Wild Flowers and Poetry
“We act as though comfort and luxury were the chief requirements of life, when all that we need to make us happy is something to be enthusiastic about." - Charles Kingsley
"Be brave enough to live creatively. The creative is the place where no one else has ever been. You have to leave the city of your comfort and go into the wilderness of your intuition. You can't get there by bus, only by hard work, risking, and by not quite knowing what you're doing. What you'll discover will be wonderful: Yourself." - Alan Alda
Suzanne Winn Landscape Artist
Suzanne Winn is a landscape artist based in Hampshire, England. This short film tells the story of how Suzanne paints expressively in oils to capture the energy and movement of the landscapes she loves.
The film also tells the story of why she paints the way she does, about her connection to the landscape and what it means to her.
Wild Flowers and Poetry
Emily Dickinson (1830-1886) was born in Massachusetts. In her lifetime, she was more well known as a gardener than a poet. She had a deep connection with nature, and she cultivated outdoor garden beds and exotic plants within a conservatory in her home.
At the age of 14, in a large album - herbarium - bound in green cloth, she painstakingly pressed, arranged, and labelled in her neat handwriting 424 wildflowers she had gathered from her native New England - some of them now endangered, some extinct.
The original herbarium still survives and is part of Harvard's Houghton Library collection. It is now too fragile for anyone to view, but a full-colour digital facsimile can be found on the Harvard Library website.
The flowers and plants that she grew provided a framework for her later poetic musings on life, death and relationships.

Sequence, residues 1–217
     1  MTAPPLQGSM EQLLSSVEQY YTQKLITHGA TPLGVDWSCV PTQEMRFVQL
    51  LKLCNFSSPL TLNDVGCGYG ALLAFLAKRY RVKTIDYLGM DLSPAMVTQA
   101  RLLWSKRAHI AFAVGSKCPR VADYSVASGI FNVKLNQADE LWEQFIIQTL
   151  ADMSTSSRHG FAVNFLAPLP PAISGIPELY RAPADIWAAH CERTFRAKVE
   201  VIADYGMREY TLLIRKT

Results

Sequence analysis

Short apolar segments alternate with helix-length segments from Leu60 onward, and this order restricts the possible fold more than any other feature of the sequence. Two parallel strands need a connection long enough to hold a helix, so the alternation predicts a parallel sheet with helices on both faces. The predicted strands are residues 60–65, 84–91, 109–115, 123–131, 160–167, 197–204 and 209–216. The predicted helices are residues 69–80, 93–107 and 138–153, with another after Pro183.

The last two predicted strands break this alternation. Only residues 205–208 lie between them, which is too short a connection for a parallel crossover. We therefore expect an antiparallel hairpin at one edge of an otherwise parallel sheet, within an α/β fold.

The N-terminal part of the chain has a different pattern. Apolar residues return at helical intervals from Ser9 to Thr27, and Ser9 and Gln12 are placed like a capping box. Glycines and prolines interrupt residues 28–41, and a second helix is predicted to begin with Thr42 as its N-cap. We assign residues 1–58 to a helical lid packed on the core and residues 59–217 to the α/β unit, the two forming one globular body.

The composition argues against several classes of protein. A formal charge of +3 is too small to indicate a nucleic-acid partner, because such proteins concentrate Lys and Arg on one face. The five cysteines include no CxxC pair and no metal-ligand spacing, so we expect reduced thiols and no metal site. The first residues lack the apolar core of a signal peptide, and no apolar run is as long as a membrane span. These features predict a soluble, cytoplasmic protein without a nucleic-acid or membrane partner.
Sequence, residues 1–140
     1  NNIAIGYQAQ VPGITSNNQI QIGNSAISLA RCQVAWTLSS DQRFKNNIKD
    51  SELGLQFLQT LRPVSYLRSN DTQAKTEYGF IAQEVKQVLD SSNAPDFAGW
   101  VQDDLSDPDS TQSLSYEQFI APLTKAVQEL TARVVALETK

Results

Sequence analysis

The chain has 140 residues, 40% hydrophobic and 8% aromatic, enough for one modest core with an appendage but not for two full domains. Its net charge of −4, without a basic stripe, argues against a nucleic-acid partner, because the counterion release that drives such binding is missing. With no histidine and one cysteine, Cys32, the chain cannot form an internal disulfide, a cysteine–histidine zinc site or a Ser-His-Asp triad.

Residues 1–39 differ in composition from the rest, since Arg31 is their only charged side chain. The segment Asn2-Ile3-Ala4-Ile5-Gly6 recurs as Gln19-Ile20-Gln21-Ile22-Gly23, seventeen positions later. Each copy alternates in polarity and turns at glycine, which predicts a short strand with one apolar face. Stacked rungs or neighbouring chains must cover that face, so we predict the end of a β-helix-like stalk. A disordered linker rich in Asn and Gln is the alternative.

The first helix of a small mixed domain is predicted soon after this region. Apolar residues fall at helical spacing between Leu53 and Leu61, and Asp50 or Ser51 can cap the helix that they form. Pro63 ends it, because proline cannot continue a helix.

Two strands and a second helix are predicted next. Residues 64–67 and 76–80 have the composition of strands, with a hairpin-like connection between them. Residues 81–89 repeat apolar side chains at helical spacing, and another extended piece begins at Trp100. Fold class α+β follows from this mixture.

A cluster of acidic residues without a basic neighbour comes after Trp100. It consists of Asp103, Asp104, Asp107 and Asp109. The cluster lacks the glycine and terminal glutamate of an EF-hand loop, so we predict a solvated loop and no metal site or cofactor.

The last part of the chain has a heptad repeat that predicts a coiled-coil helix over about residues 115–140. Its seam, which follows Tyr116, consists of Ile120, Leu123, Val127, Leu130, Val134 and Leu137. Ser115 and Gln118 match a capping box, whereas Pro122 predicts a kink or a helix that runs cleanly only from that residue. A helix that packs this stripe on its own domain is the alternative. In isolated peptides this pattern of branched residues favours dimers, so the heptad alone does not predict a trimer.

Her poems were unique for her era. They contain short lines, typically lack titles, and often use slant rhyme as well as unconventional capitalisation and punctuation.
Emily lived much of her life in isolation. Considered an eccentric by locals, she developed a penchant for white clothing and was known for her reluctance to greet guests.
Emily never married, and most friendships between her and others depended entirely upon correspondence. She regularly enclosed poems in letters to friends.
So, although friends and family knew about her writing, it was not until after her death, when her younger sister discovered her large cache of poems (nearly 1,800) that her work became public. The first volume of her work was published posthumously in 1890.
Hope is the thing with feathers
Hope is the thing with feathers That perches in the soul, And sings the tune without the words, And never stops at all, And sweetest in the gale is heard; And sore must be the storm That could abash the little bird That kept so many warm. I've heard it in the chillest land, And on the strangest sea; Yet, never, in extremity, It asked a crumb of me.
Two New Pocket Books
We have exciting news. We've just published our first two pocket books:
One of the author's most well-loved short stories, Beneath a Wishing Moon contemplates life around the salt-licked pavements of a seaside town under the heady influence of a powerful full moon.
Includes illustrations by the author.
The author looks back to a childhood of bluer than blue skies, endless sunshine, and honeysuckle and roses growing profusely in the cottage gardens, and to her friendship with 'Ma Higham who shared a love of the natural realms.
Click on the book covers for more details.
Wishing you a wonderful day,